As far as the fixed lens in the RX-100 IV goes: in this case, yes, the lens will be fine for that. The lens on that camera is very high quality, probably more high quality than you could afford to purchase with a mirrorless kit in your current budget. It can take beautiful photographs in the most common focal lengths and open up to very wide apertures. Yes, it has only one lens, but it's a very very good lens, much better than any kit lens. Now, if you know that you will need either wider or longer lenses in the near future, then it's not right for you. But if you're mostly doing pictures of buildings, sunsets, landscapes, and people, it would be a good choice. And it does have 20 mp. Watch some of the promotional videos or video reviews of it. Pros tend to purchase it as a camera to work as a companion to their large kit, so they can have high quality photos when they're unable to lug around their DSLRs.
 

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I think you're thinking of the Sony 5100, which has no EVF. The Sony a6000 has one. That's the camera I own, so I know it definitely has one.
 
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kkw93msu2010

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I think you're thinking of the Sony 5100, which has no EVF. The Sony a6000 has one. That's the camera I own, so I know it definitely has one.
Thank you! I've looked at wayyyyyyy too many cameras. Lol
 

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It's definitely overwhelming, especially when you can't walk into a store and touch them. Definitely better to overthink every detail than to just grab the first thing you see.
 
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kkw93msu2010

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The there are two things that affect the ability to print large: sharpness of the photo and megapixels.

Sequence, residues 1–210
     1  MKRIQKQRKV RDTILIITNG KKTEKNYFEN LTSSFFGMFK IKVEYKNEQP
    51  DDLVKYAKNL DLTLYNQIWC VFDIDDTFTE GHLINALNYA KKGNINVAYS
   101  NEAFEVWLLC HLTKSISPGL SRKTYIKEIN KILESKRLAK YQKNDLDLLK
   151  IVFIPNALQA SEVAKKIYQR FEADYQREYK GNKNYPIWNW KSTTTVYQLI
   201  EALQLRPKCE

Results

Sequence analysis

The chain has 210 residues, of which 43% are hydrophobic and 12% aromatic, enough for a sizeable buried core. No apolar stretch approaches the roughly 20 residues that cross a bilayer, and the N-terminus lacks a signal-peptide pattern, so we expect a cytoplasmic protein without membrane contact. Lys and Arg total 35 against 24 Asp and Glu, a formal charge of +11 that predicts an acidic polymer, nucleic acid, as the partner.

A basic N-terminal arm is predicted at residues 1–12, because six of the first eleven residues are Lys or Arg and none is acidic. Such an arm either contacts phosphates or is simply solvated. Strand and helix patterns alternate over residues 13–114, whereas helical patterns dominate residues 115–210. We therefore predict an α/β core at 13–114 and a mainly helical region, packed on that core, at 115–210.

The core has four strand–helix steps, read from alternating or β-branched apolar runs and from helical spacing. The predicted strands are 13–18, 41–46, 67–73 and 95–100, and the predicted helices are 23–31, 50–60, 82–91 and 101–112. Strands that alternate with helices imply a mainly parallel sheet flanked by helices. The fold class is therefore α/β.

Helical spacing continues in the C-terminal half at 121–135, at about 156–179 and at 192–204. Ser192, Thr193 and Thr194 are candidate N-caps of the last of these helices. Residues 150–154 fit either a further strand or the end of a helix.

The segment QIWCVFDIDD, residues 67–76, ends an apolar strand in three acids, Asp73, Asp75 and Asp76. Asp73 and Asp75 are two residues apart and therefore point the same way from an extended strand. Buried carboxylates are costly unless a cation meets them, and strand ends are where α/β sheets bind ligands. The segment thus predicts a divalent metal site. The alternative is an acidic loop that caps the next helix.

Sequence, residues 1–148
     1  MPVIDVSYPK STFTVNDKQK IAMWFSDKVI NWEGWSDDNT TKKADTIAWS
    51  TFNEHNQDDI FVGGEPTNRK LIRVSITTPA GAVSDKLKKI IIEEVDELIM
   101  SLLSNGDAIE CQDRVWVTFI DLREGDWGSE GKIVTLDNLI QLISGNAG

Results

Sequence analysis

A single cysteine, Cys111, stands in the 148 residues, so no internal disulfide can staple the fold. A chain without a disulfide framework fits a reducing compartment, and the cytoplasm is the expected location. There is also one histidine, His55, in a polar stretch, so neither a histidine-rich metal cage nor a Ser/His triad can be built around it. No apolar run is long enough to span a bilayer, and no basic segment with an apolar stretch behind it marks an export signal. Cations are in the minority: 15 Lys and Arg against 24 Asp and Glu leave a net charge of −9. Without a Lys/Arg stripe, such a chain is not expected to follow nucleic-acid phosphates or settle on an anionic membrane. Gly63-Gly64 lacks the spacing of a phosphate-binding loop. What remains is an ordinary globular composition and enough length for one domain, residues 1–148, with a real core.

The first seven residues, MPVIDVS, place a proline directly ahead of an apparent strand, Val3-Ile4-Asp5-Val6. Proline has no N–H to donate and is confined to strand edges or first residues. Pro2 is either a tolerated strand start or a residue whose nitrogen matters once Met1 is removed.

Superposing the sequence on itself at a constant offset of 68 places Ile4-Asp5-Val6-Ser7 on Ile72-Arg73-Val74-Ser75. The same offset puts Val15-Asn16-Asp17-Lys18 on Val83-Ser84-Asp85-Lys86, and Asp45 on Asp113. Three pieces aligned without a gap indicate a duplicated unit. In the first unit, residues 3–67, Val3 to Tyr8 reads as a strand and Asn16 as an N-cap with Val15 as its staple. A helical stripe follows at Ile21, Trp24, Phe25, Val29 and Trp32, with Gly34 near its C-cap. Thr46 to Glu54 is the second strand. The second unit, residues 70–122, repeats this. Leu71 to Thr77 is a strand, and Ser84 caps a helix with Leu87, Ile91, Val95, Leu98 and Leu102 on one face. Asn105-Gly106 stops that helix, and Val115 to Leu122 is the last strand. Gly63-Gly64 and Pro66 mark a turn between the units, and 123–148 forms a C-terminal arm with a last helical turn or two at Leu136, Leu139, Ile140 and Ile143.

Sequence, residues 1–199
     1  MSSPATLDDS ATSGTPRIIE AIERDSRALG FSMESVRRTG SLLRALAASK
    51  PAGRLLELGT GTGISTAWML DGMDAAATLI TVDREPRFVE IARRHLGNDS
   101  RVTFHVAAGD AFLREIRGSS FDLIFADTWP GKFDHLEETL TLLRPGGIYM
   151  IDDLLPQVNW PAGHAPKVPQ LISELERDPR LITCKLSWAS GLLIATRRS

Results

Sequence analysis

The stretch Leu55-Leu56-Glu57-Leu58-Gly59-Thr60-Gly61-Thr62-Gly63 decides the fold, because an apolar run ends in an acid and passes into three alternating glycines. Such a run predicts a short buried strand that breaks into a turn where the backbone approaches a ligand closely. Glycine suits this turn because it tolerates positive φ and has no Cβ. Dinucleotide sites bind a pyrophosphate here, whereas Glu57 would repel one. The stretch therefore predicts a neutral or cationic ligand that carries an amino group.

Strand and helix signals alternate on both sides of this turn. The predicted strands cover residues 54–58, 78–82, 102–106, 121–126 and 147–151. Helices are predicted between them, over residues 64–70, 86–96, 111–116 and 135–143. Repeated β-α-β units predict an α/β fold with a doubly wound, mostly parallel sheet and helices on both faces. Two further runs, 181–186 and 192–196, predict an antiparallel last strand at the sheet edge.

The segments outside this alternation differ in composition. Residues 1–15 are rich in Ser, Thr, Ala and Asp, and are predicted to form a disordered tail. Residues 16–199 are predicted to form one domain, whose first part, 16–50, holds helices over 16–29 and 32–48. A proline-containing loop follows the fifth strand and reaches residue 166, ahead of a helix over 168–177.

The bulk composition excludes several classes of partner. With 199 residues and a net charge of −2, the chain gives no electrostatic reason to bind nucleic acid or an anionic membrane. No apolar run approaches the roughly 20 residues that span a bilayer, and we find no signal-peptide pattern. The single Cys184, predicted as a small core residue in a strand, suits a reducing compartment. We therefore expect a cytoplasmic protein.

If you take a blurry picture, it doesn't matter how many megapixels you have, the picture will look bad. Taking sharp pictures is the result of good technique, understanding exposure, and using light to your advantage as well as the quality of your lens. As far as megapixels, yes, for 36 x 36 at least 20mp is recommended. However, a sharp 16 mp picture will look better than a blurry 24 mp picture.

Also, when you print something that big it's pretty rare that you will have your nose an inch away to look at it, in which case the slight pixelation from having not quite enough megapixels will be irrevelant.

As far as the fixed lens in the RX-100 IV goes: in this case, yes, the lens will be fine for that. The lens on that camera is very high quality, probably more high quality than you could afford to purchase with a mirrorless kit in your current budget. It can take beautiful photographs in the most common focal lengths and open up to very wide apertures. Yes, it has only one lens, but it's a very very good lens, much better than any kit lens. Now, if you know that you will need either wider or longer lenses in the near future, then it's not right for you. But if you're mostly doing pictures of buildings, sunsets, landscapes, and people, it would be a good choice. And it does have 20 mp. Watch some of the promotional videos or video reviews of it. Pros tend to purchase it as a camera to work as a companion to their large kit, so they can have high quality photos when they're unable to lug around their DSLRs.
Wow! This sounds fantastic! I love the idea of the fixed lens, less to lug around and less for me to break. I would MUCH rather buy a fixed lens that is good, than an interchangeable lens that is mediocre. I'm definitely looking for that fine line between quality and all purpose.